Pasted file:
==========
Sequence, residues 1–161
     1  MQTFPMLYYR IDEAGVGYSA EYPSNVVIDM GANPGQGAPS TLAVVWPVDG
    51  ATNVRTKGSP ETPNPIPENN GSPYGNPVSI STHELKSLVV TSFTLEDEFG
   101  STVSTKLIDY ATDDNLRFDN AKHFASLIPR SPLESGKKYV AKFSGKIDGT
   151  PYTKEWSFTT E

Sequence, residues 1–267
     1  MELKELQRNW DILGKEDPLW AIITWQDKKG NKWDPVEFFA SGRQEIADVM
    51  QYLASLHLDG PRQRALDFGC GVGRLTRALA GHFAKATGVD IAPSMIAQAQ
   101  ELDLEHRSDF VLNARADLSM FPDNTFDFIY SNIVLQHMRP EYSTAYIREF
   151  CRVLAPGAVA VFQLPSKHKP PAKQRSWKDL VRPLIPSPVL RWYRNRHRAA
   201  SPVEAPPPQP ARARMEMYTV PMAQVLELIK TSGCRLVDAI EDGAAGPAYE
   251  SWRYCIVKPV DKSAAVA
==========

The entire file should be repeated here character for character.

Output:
Sequence, residues 1–161
     1  MQTFPMLYYR IDEAGVGYSA EYPSNVVIDM GANPGQGAPS TLAVVWPVDG
    51  ATNVRTKGSP ETPNPIPENN GSPYGNPVSI STHELKSLVV TSFTLEDEFG
   101  STVSTKLIDY ATDDNLRFDN AKHFASLIPR SPLESGKKYV AKFSGKIDGT
   151  PYTKEWSFTT E

Sequence, residues 1–267
     1  MELKELQRNW DILGKEDPLW AIITWQDKKG NKWDPVEFFA SGRQEIADVM
    51  QYLASLHLDG PRQRALDFGC GVGRLTRALA GHFAKATGVD IAPSMIAQAQ
   101  ELDLEHRSDF VLNARADLSM FPDNTFDFIY SNIVLQHMRP EYSTAYIREF
   151  CRVLAPGAVA VFQLPSKHKP PAKQRSWKDL VRPLIPSPVL RWYRNRHRAA
   201  SPVEAPPPQP ARARMEMYTV PMAQVLELIK TSGCRLVDAI EDGAAGPAYE
   251  SWRYCIVKPV DKSAAVA